Beverages featured Piper-Heidsieck Brut Champagne; a zesty South African Chardonnay; a lively white from Spain’s Costers del Segre; a dry, grippy red Bordeaux; and a lusher and fruitier Argentinean Cabernet. Cathay Pacific also offered two signature drinks on board: an Oriental Breeze with sour-plum tea, cranberry juice, honey, lemon and rosewater; and the Cloud Nine cocktail, with vodka, Cointreau, Sprite and lemon. I blame Cathay Pacific for fueling my new jasmine tea addiction: The delicately floral tea was but one of eight varieties served on board, including Hong Kong’s popular milk tea. I checked off my options on a breakfast menu and hung it on my coat hook before heading to bed for the night.
Sliding buttons controlled the level of recline for the upper and lower parts of my seat, with one button automatically moving it to the lie-flat bed configuration. The fluffy comforter was amply sized; I only wish the pillow had been a bit larger. Cabin lights stayed off until after 10 a.m. D.C. time, which I thought a bit excessive. I woke up around 8 a.m. ready to work and had to rely on my overhead and reading lights. Breakfast was still hours away, but snacks like granola bars, fruit, salted almonds and caramel corn — available throughout the flight — kept me going until meal service.
Breakfast options included Continental, Western or Chinese; I loved the pork and shrimp ball congee, stir-fried noodles, dragonfruit and melon on the Chinese set. You could also choose a warm pastry or decide not to be awakened for breakfast at all. We landed an hour after breakfast, about 20 minutes ahead of schedule.
Post-Flight: Cathay Pacific operates seven lounges at Hong Kong’s airport, including an arrivals lounge located between terminals 1 and 2 that serves light food and snacks and includes shower suites to freshen up. The Pier is tops, though, accessible by first-class passengers and select Marco Polo and oneworld members, generally upon departure or connection in Hong Kong. I checked in and signed up for a complimentary 15-minute neck, shoulder and scalp massage, for which there was an hour’s wait at 5:30 a.m.. Thankfully, there wasn’t a wait for a shower suite, which was stocked with fresh towels, plenty of toiletries, a toilet, sink, hair dryer and makeup mirror. After a glass of bubbly and some siu mai from the buffet, it was time to head to the retreat area for my massage, followed by another breakfast at the full-service dining room, whose menu changes throughout the day. I also popped into The Pier’s business-class lounge next door, accessible from the terminal; it was much larger and houses the airline’s Noodle Bar concept. Depending on where your flight lands or departs, you might also hit The Deck or The Wing; every lounge is well-appointed and makes spending time in the airport much more enjoyable.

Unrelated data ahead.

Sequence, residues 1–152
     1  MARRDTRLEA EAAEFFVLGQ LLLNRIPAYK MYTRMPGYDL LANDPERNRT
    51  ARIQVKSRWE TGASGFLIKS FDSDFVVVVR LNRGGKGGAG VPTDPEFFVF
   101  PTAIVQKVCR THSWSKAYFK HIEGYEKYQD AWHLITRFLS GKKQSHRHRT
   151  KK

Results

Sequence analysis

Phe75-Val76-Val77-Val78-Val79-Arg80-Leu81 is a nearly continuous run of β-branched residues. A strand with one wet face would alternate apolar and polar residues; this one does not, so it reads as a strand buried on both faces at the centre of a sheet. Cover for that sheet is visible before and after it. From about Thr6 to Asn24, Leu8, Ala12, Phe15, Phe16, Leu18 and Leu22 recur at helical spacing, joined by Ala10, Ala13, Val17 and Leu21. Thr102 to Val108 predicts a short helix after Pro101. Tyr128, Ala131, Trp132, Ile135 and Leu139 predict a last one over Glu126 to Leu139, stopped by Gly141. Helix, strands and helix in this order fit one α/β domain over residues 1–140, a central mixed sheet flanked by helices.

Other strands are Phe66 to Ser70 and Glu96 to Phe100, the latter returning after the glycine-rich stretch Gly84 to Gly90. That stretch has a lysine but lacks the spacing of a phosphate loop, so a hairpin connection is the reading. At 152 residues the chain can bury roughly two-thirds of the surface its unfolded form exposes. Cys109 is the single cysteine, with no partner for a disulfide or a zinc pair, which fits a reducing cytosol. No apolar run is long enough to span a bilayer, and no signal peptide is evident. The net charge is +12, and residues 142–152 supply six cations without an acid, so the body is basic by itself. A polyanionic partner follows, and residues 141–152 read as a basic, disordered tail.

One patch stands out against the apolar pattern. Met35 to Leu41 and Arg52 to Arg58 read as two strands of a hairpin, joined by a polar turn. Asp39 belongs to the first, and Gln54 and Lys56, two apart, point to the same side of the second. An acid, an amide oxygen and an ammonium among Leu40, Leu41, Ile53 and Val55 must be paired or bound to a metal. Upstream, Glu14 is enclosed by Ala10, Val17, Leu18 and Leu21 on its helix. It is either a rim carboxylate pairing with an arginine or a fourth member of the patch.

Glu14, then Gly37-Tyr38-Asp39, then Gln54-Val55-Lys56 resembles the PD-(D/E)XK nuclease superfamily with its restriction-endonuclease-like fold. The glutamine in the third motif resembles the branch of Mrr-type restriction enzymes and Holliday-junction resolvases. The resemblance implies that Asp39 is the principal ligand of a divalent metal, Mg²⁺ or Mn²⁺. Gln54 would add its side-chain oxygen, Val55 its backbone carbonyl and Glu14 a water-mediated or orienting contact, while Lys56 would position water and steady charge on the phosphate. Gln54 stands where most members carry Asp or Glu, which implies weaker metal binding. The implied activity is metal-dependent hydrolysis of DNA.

- Always opt for the Chinese options on the onboard menu or in the lounges. After all, you can get a burger or an omelet anytime.
- If you need to stay connected, $19.99 for WiFi for the duration of the 15-plus hour flight is well worth it.
- Wine fans will be pleased with the onboard bottle selections, which are not the typical Napa Chardonnay or Cabernet and pair well with just about all menu choices.
- The lie-flat bed and thick comforter assure you will to get a good night’s sleep.